Steve supports CapTech's growth in an executive leadership capacity. He brings a unique blend of business development and technology expertise to our clients.
Your web browser is out of date. Update your browser for more security, speed and the best experience on this site.Update your browser
Articles | June 10, 2020
Key Insight: Those most impacted need guidance to attain financial success
The COVID-19 crisis has brought with it much change, not least of which is the current economic downturn. Nearly 79 million Americans, or 48 percent of the private workforce, are employed by small businesses that have been severely impacted by the isolation or quarantine of consumer groups.vii Many of these businesses have had to take drastic measures to alleviate short-term cash flow pressure and retain long-term viability. Those severe steps (e.g., layoffs or furloughs) have resulted in economic strain to tens of millions of Americans. Our survey validates this, with 64 percent of respondents suggesting that COVID-19 has had an impact on their finances. On a positive note, these numbers have trended down slightly since we ran this survey in late March, where 71% indicated an impact. We also found that 24 percent are experiencing a major impact, down from 33 percent in March.
The impact on young to middle-age adults remains particularly acute. In March, we found that individuals under the age of 37, particularly those in Generation Z (Gen Z, ages 18-26), were most impacted; in May, Generation X respondents (ages 38-50) were slightly more impacted, at 78 percent, versus Gen Z, at 77 percent.
Younger generations are also more likely to re-evaluate their financial decisions. In fact, the majority (59 percent in March, 54 percent in May) of Gen Zs and Millennials (ages 27-37) will put a financial decision on hold in response to COVID-19. Buying or selling a vehicle (16 percent, compared with 19 percent in March), applying for a credit card (16 percent), and buying or selling a house (12 percent versus 14 percent in March) are all decisions that have been impacted. Fifty-eight percent of Gen Z respondents (down from 60 percent in March) are more likely to take action to secure a better financial future, including investing in the stock market (15 percent, down from 17 percent in March), meeting with a financial advisor (16 percent, up from 15 percent in March) or taking out a personal loan (16 percent versus 14 percent in March).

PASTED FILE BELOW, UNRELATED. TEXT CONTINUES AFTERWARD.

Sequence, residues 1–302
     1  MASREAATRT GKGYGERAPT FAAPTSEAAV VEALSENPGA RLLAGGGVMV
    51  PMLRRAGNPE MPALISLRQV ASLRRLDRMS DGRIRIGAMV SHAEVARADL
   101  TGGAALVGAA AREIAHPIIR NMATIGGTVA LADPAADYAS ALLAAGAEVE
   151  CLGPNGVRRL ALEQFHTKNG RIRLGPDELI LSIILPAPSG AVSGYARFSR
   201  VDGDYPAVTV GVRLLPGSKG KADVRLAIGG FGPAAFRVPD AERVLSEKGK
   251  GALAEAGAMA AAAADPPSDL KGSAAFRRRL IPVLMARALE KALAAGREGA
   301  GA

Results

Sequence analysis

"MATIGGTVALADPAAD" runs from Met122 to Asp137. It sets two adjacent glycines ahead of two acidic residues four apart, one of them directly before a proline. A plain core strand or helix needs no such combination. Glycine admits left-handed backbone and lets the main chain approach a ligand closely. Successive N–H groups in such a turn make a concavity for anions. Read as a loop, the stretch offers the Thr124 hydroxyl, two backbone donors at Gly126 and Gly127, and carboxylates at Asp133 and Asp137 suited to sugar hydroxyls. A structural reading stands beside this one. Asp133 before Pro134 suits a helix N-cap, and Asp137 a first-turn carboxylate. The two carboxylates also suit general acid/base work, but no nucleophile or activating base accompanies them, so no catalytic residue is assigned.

Other groups are also feeling the effects of COVID-19. For respondents with incomes between $100,000-$125,000, 74 percent of March respondents felt COVID-19 would have a medium to major impact on their finances in March. This slightly increased in May, with 76 percent of respondents making over $100,000 expressing concern over the impact of COVID-19. And those with incomes above $125k indicating a major impact grew by 11% since March.
Despite the impact that COVID-19 is having on most respondents’ finances, a majority indicated that the pandemic has not made them consider changing any financial decisions – and this percentage is increasing, from 51 percent in March to 61 percent in May.
Key Insight: The “right” support is critical to maintaining relationships
Thirty-three percent of our March respondents felt heavily impacted by COVID-19. While our more recent survey found this has decreased to 24 percent, there remain a significant number of Americans who are seeking a trusted banking partner who knows how to meet their needs during and after the crisis. Responding to the needs of customers will be key to maintaining and growing those relationships.
As might be expected, the more severe the impact of COVID-19, the more likely a respondent is to change their habits. In fact, 70% of respondents facing a major financial impact due to COVID-19 say it will change how often they visit their local financial institution. About a quarter (29 percent in May, 24 percent in March) of all respondents are less likely to visit their bank’s branch after the crisis subsides, yet there are those that are more likely to visit a branch (13 percent in May, compared with 14 percent in March). Of those respondents who expect to visit a branch more than before, nearly one-third (31 percent, up from 24 percent in March) have considered meeting with a financial services associate as a direct result of COVID-19.
Surprisingly, several respondents expressed an interest in a traditional drive-through experience (via write-in response). It is clear that many customers are seeking some form of human interaction — even if that interaction is online. This provides an opportunity for financial institutions to enhance the “human” element provided through a variety of digital channels.